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Archive Discoveries

  • The BBC released a survey earlier this year in which they asked readers to name the books they had lied about having read. You can see the list below. I think I have read around half, as some I may have read in my youth that I’ve forgotten about (more about that later). How many of them have you read? The truth, please! Read on >
  • Best known to TV audiences as Goliath fromthequiz show The Chase, MATT PARKINSON was also one half of the Empty Pockets comedy duo. He cleaned up as a champion on Sale of the Century in the 1990s and since then he has served as the brains trust on ABC TV’s The Einstein Factor. We asked this big man (he’s nearly two metres tall) with a big brain about the books that have made him the brainiac that he is.  Read on >
  • Charlotte Brontë’s Jane Eyre has inspired all kinds of fan fiction and adaptations, such as the 1966 prequel Wide Sargasso Sea. But in this new novel by Sydney resident JENNIFER LIVETT, the lives of Jane Eyre characters become entwined with those of real 19th-century Tasmanians, including doomed Arctic explorer Sir John Franklin. Here Jennifer tells us how she came up with the idea for Wild Island. Read on >
  • While researching for a non-fiction book about the botanical history of some of the world’s most popular alcoholic drinks, US author AMY STEWART stumbled across a gin smuggler’s altercation with an officious woman named Constance Kopp. This discovery catalysed her historical crime-fiction series, set in New Jersey in 1915, based on Constance and her two sisters. As the second instalment in the series, Lady Cop Makes Trouble, is released, ANGUS DALTON finds out more. Read on >
  • American author and hairdresser DEBORAH RODRIGUEZ lived in the Afghan capital of Kabul for five years, and in that time she founded her own beauty salon and coffee shop. On her return to the US, she wrote a bestselling novel based on the bustling cafe, and now she’s taking us back to Afghanistan in Return to the Little Coffee Shop of Kabul. ANGUS DALTON reports. Read on >
  • Born in London, retired doctor TONY ATKINSON spent the first years of his life in a cage dangling out of a window. But he went on to serve the Queen and Winston Churchill during his early career as a footman and waiter, which he recalls in hilarious stories in he memoir, A Prescribed Life. Read on >
  • The author of The Woman Who Changed Her Brain: And other inspiring stories of pioneering brain transformation, busts long-held conceptions about how our minds function. Read on >
  • Following on from her two-million-selling historical novel Orphan Train, CHRISTINA BAKER KLINE has delved into the backstory of a famous painting by Andrew Wyeth to write her new novel, A Piece of the World. ANGUS DALTON talks with the author.  Read on >
  • For some women, bad men cast an irresistibly magnetic spell. Melbourne-based author LAURA ELIZABETH WOOLLETT examines this often fatal attraction in  The Love of a Bad Man, a collection of 12 stories based on the lives of real women who sought the love of criminals. In this extract from ‘Eva’, the author imagines the post-coital thoughts of Eva Braun, who met Adolf Hitler when she was 17. Read on >
  • Most of us think of Australia as a sunny land filled with straightforward, open and candid people. But in ANNA ROMER’s version of the country, it’s a place filled with secrets and people who will do anything to keep them concealed. She talks with ALEX HENDERSON about her new book, Beyond the Orchard, Victoria’s haunted Otway Coast and the power of fear. Read on >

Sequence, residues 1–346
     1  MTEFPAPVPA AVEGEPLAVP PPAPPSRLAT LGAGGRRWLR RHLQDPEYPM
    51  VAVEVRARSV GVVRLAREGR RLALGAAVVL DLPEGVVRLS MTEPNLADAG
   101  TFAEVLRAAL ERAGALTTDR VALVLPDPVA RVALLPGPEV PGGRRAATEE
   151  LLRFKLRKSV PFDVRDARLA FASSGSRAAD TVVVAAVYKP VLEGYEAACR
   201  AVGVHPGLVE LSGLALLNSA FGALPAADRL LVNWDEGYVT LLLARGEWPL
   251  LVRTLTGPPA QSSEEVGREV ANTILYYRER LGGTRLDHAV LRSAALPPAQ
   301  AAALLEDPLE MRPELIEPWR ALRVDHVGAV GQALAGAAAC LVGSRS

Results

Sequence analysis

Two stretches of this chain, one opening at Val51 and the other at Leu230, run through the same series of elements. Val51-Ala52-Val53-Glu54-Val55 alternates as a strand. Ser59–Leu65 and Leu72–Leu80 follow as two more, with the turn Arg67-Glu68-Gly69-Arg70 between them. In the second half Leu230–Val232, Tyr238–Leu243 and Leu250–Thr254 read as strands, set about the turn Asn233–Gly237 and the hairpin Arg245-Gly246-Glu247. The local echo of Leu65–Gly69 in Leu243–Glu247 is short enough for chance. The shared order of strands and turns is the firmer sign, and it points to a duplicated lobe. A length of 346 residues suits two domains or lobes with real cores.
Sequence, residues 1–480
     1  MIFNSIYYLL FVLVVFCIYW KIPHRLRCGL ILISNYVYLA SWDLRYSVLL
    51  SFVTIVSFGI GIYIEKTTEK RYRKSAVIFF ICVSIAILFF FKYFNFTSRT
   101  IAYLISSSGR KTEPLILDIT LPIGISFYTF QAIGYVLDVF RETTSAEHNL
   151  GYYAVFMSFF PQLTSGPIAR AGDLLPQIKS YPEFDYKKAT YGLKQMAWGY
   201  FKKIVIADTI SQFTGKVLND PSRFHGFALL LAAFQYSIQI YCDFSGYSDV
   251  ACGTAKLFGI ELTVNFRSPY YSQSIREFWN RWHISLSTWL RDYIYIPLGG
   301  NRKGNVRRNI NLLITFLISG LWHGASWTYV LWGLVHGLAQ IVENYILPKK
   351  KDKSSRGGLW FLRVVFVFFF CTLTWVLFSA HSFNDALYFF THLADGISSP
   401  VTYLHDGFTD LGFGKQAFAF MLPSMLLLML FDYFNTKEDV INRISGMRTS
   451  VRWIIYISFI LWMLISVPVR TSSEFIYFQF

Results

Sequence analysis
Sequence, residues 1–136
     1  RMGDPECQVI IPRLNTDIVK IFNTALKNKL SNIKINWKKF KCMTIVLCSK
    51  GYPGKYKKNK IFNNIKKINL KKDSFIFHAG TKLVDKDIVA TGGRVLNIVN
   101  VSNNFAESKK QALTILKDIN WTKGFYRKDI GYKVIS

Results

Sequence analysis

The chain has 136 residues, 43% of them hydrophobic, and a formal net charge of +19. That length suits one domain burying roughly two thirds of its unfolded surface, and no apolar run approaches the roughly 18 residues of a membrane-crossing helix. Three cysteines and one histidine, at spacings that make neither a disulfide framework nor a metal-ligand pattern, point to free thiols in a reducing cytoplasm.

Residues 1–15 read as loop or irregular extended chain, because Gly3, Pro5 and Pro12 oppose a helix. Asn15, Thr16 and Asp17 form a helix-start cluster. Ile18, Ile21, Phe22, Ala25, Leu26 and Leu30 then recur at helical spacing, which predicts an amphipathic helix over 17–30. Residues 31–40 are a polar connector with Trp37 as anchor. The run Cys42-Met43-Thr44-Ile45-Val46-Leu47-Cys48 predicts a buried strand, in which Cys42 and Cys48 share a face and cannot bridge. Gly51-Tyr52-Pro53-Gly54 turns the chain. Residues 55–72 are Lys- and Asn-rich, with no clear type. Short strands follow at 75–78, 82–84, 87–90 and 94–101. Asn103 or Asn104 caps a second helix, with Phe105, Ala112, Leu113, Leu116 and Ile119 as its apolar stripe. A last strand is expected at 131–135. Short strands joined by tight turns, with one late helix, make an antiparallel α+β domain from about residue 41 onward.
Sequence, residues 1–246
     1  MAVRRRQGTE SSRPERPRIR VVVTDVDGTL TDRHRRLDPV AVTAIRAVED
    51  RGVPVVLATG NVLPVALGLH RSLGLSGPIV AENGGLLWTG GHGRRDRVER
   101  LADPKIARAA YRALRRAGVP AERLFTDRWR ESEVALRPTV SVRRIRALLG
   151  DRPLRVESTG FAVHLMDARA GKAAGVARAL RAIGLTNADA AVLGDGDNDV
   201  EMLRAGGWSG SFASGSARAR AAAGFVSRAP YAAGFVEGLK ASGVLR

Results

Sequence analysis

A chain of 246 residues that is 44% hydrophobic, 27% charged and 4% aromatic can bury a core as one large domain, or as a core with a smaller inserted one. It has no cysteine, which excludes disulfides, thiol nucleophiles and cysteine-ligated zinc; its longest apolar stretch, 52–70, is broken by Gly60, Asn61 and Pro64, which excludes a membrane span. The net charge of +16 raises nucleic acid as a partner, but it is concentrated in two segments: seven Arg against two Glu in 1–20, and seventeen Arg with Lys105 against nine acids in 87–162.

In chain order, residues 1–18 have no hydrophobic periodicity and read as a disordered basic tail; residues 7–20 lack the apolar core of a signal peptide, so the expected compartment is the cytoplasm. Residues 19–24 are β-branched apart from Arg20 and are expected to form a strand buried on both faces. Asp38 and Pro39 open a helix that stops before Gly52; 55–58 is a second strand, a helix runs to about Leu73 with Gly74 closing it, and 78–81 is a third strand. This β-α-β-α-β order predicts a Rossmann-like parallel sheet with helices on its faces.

• JIM OBERGEFELL led a class action in the US Supreme Court that established marriage equality nationwide for Americans. Love Wins, co-written with Pulitzer Prize-winning journalist DEBBIE CENZIPER, is the story of the love that inspired the fight for justice. ANGUS DALTON reports. Read on >

Book Reviews in this issue

  • My favourite part of the novel is the wonderful characters that Maguire has written. Read on >

  • His characters Stevie Fracasso (former rock star) and his younger brother, Rick McLennan (music journalist) leap off the page and burrow their way into the reader’s consciousness. Read on >

  • This is powerful writing.  Read on >

  • Baxter provides an informative and perceptive account of the kink subculture and highlights that while in the right setting it can be empowering for some, the culture’s lack of regulation is a source of much contention. Read on >

  • Taylor, a Nyoongar elder in Western Australia renowned as a poet and storyteller, recalls his childhood at the New Norcia Mission, north of Perth, in the 1950–60 period. This autobiography ranges from angry and accusatory to thoughtful and sardonic. Read on >

  • For anyone with the slightest interest in Australian literature, this book gives a wonderfully insightful glimpse behind the curtains of our publishing industry.  Read on >

  • Truth-Telling is a sophisticated argument for why non-Indigenous Australia should be interested in a treaty with the first nations. In making the argument Reynolds reminds us of the many uncomfortable truths about how we got to where we are.  Read on >

  • A Secret Australia is collection of essays, primarily by journalists and lawyers which forcefully plead the case for Julian Assange being a man most grievously wronged. Assange’s fate remains unclear. Read A Secret Australia and you won’t be indifferent to what that fate is. Read on >

  • I highly recommend Wonderscape. Once I picked the book up, I could not put it down. And it’s a great read for anyone in love with history. Read on >

  • Chasing the McCubbin is about searching for the thing of high value among the lesser things. Perhaps it’s found in friendship and the sense of belonging. It’s worth following the emotional, inspiring chase with Ron and Joseph.    Read on >

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The Paris Collaborator